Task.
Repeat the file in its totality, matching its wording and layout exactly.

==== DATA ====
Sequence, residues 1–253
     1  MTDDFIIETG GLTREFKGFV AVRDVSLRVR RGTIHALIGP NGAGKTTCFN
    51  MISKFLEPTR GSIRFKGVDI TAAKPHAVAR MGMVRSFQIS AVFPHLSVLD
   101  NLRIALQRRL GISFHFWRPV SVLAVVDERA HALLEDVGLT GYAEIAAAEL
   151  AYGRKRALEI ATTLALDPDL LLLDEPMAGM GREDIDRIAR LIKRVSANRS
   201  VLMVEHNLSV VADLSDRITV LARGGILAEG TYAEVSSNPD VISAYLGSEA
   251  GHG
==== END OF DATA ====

Sequence, residues 1–253
     1  MTDDFIIETG GLTREFKGFV AVRDVSLRVR RGTIHALIGP NGAGKTTCFN
    51  MISKFLEPTR GSIRFKGVDI TAAKPHAVAR MGMVRSFQIS AVFPHLSVLD
   101  NLRIALQRRL GISFHFWRPV SVLAVVDERA HALLEDVGLT GYAEIAAAEL
   151  AYGRKRALEI ATTLALDPDL LLLDEPMAGM GREDIDRIAR LIKRVSANRS
   201  VLMVEHNLSV VADLSDRITV LARGGILAEG TYAEVSSNPD VISAYLGSEA
   251  GHG